Thursday, 9 October 2008

waste product alchemy

some years ago i taught a dye class in
Adelaide, South Australia. this city is like the curate's egg, good in parts. some lovely parks and gardens, some appalling and desolate suburbs and arguably one of the most disgustingly flavoured reticulated water on the planet
as a child (and this is going back to the sixties) i considered the revolting stuff coming from the tap second only to that supplied in Montreal. taking a bath in Montreal as a child i remember feeling nauseous at the smell of what was essentially the St Lawrence River filtered through a stocking and laced with a considerable quantity of chlorine salts in the hope of slowing down some of the dancing bacteria. the water in  Kรถln (Cologne) wasn't far behind. 

but i digress

South Australia's Premier Thomas Playford (who ruled the state in the middle of the last century) had clearly been bitten by the same bug and is famous for installing pipelines to suck water out of the Murray River so that Adelaideans (and a host of unnecessary irrigators) could have the water delivered to their taps. never mind that twice as much water annually falls on Adelaide as it needs to operate, which is simply allowed to run out to sea as stormwater. they consider it too nasty to drink and would rather drink a substance that has already been filtered through at least seven sets of intestines.

one of the pipes passes through our district on its way from Mannum to Adelaide. it comes up from the river flats, over the eastern shoulder of the Mount Lofty Ranges via a large concrete tank where the hunchbacked gremlins spend their lives shovelling in chlorine as fast as they can go. this putrid cocktail (remember the Murray is also loaded with agricultural chemicals, dead fish, whatever was swept from surrounding streets during the last storm, car wrecks, the grannies who couldn't afford the nursing home etc) is then pumped into the River Torrens.

the River Torrens, my friends, is our Significant River around here. 

it flows through the middle of Adelaide (the state's capital) and thence out to sea. the water authority uses it as a convenient aqueduct to move their reeking brew from the pipeline to the northern reservoir, Kangaroo Creek Dam. driving along the Torrens Valley on a summer's eve when the flow is in full swing should only be done in Grandfather's World War 1 gas mask, such is the concentration of evaporating chlorine gas.

but back to the story.

at this workshop i was talking about i confidently predicted we would get a lovely red dye from Eucalyptus sideroxylon. we got bright green. pondering the reasons why, we speculated that the only strongly variable factor (given the leaves were from a source i'd frequently used and that proved red at home in rainwater and in the same dyepot) must have been the tap water we'd used for the brew.

we wondered if the Copper sulphate application that annually takes place to prevent algae from growing in the reservoirs might have had an effect. bear in mind the water levels were about half their normal capacity at the time and that the reputed 40 tonnes of pure Copper sulphate (per reservoir) is a pretty big heap in anyone's book. a reasonable hypothesis given copper is known to influence many dyes toward green.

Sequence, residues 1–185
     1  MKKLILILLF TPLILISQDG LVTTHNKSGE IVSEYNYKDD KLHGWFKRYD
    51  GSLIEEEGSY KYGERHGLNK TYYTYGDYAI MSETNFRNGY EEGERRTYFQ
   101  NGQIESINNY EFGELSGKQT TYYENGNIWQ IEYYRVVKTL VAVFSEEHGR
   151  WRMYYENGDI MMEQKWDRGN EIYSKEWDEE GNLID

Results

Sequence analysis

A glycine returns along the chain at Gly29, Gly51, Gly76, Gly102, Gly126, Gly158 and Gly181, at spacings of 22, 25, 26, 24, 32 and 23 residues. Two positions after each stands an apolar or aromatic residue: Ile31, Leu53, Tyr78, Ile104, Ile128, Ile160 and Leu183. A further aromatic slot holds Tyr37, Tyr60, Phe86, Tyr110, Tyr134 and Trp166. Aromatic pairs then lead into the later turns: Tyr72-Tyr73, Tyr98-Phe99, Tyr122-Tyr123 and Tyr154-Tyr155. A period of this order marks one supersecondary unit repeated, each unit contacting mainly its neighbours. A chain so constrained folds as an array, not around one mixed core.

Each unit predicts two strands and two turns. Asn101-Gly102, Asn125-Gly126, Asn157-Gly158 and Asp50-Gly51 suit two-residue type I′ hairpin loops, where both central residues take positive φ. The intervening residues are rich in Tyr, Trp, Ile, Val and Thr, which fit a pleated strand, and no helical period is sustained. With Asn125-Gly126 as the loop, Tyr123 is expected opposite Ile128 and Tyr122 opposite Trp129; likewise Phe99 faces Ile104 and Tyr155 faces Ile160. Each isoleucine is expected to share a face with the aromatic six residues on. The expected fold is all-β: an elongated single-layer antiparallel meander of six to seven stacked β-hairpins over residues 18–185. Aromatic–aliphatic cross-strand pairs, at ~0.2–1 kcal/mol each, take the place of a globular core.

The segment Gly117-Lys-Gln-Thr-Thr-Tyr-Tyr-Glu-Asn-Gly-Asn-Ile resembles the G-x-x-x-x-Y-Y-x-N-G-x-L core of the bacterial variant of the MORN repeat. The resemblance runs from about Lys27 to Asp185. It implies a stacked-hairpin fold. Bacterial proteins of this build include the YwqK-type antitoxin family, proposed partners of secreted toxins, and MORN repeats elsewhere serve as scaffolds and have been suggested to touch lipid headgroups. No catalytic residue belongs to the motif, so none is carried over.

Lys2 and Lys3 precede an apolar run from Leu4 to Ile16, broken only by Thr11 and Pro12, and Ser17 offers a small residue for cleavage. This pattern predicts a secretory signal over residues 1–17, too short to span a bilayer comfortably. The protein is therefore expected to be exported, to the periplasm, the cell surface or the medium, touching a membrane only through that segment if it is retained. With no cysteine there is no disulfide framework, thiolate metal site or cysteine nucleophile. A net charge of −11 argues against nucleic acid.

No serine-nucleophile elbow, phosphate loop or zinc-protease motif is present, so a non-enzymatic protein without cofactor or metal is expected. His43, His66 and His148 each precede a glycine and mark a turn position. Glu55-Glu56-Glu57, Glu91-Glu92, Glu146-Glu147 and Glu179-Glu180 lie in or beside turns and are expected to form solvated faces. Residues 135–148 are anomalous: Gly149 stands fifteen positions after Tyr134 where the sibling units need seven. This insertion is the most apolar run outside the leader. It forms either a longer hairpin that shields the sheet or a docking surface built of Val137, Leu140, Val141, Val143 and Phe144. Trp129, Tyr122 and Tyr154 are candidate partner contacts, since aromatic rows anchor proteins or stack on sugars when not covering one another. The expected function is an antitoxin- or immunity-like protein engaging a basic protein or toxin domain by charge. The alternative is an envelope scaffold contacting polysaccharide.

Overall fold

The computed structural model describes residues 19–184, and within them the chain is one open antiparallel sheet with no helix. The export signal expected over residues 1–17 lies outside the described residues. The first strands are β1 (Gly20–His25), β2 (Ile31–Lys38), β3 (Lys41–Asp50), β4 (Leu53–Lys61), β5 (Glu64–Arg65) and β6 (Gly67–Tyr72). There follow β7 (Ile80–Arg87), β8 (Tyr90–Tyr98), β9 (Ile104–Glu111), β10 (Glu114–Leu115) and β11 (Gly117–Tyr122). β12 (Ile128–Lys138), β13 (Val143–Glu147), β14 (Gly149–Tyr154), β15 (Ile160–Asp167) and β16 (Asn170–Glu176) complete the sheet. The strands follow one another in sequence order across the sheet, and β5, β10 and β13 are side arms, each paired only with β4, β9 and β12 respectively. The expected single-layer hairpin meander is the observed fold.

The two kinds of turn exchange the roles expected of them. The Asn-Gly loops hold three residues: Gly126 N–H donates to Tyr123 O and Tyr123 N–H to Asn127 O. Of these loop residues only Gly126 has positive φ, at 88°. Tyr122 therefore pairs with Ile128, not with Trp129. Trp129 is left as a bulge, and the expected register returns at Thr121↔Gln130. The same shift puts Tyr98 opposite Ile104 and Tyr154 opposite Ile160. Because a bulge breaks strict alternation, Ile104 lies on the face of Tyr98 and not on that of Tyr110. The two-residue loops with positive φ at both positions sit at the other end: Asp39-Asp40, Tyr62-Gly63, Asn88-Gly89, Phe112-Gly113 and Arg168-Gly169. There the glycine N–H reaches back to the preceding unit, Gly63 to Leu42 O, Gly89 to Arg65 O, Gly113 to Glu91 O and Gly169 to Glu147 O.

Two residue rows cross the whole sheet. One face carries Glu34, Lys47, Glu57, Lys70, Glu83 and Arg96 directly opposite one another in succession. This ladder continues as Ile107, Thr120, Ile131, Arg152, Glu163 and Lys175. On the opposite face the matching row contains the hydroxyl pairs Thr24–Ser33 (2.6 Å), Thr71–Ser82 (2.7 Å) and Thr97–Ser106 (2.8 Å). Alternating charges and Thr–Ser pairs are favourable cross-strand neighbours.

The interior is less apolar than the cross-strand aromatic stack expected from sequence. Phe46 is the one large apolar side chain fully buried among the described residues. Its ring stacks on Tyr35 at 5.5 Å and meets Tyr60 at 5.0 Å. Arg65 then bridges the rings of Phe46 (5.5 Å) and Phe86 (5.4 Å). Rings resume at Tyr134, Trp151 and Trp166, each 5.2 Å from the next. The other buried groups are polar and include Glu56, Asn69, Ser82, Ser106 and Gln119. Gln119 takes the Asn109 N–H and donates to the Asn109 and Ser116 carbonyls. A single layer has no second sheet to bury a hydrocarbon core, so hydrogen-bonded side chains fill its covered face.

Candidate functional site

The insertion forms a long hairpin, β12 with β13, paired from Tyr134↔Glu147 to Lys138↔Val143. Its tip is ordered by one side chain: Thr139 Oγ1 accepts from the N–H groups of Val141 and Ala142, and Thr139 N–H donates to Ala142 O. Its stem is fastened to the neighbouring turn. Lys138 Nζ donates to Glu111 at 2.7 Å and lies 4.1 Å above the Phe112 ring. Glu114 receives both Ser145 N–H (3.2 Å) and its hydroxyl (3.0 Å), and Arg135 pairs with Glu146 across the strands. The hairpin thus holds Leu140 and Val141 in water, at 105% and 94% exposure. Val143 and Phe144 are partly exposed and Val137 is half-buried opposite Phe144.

and now to the actual point of the ramble. yesterday i decided i needed a new travel blanket for the upcoming Passage to India. i seem to make a lot of these (mostly out of fine merino jersey) but they wind up sold or (more often) simply given away. they're travel blankets, after all, and have wandering hearts.

so i cobbled together some merino jersey, added some fine felt to the edges (cos the jersey wasn't quite long enough, being a remnant) stitched some silk over the bits where La Motte had been nibbling and popped it in the dyepot. thinking red would be a cheery colour for the road.
Mother Nature had other ideas. when i peeked in the dyepot this morning, i discovered the outer bits of my bundled blanket were a lovely green. not red.

it dawned on me that the vague copperish shimmer i'd noticed on the surface of the aluminium when loading the pot with leaves had not just been pure imaginings, but had been a deposit of copper (albeit thin) on the surface of the pot. 

and where did this come from?

i'd been making brews recently (from such things as stinging nettles, genista and solidago) to which i'd been adding a splash of my favourite 'green enhancer' - a brew made by soaking copper fragments in stale urine for a few years. it's a fantastic peacock/teal colour and just a few drops will often boost greens. the copper fragments don't completely dissolve, they just look a little cleaner but clearly there's enough in the solution to leave a deposit on the pot.
which was then enough to push my red brew to green.

so the theory about the Adelaide workshop is probably close to the mark.

or maybe it's just all magic.


  1. It lloks like the green ended up in asll the right places. Safe journey to you

  2. I go for both/and: You were on the mark and it's magic.

    Interesting post and lovely material. I love the notion of traveling blankets. I can see them snuggling against the weary and cold as they shift from train to taxi to bench.

    A similar experience (sort of): One day, in an undergrad photo journalism class, everyone's film came out of the developer with white spots. Many spots that we couldn't get rid of. It turned out the lake had "turned over" that day, and since it was our water source, more minerals than usual had affected the development. If I'd been going for arty, it would have been great, but for journalism, not so much. Still, it was interesting.